Since 1 Januray 2019 Wendy Luhabe has been appointed as part of the board of directors of Steinhoff Africa Retail (STAR) as independent non-executive director.

Steinhoff has said that “Wendy has an impressive track record as a business leader and has made a huge impact in the business community in South Africa. We are thrilled that she has joined STAR and look forward to her contribution. ”


Empowering women

From stumbling her way into commerce and perusing her passion for helping others, it is easy to see what Wendy Luhabe values most. She does what she wants, and not out of arrogance, but out of stubbornness. She has quit jobs and started new companies because that’s where she felt she could make the biggest change.

We can learn from Wendy Luhabe and apply this to our own lives.

In fact studies have shown that being stubborn may contribute to your success. Being stubborn helps to stay true to what you value most, in Wendy’s case she values helping women become more successful. Stubborn people tend to look past the onlookers and non-believers. They stick to their guns because they have the ability to detach themselves from outside influence. Like Wendy, stubborn people chase their passions wholeheartedly, because they know this is where they’ll stay focused more consistently.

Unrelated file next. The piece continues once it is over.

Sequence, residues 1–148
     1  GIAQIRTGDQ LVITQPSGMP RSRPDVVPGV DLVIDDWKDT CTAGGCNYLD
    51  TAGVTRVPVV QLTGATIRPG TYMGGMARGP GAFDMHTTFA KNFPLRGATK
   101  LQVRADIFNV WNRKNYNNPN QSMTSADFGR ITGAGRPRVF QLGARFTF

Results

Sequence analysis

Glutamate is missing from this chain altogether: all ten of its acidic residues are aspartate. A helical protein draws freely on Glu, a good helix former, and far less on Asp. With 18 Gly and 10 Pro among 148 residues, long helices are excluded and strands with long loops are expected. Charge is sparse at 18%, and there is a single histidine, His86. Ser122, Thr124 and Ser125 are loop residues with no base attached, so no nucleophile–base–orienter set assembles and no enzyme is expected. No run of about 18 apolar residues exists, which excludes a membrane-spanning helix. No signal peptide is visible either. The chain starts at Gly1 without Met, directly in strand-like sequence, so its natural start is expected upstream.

So, be more like Wendy Luhabe and chase your dreams no matter what.

Let us know how Wendy Luhabe empowered you by commenting below.

2 responses to “Empowering Women: Wendy Luhabe”

  1. This has been my woman crush since I first discovered about her while in Grade 11. I always struggled with finding my purpose because I juggled on a lot of things, mam Wendy was that cornerstone that made sense for building myself. To date, I am trying to live up to her foot steps, I see a lot of gaps in the economy but have no one to empower me to reach my goals.
    If I were to die and wake up, I would want to come back as her. What a blessing.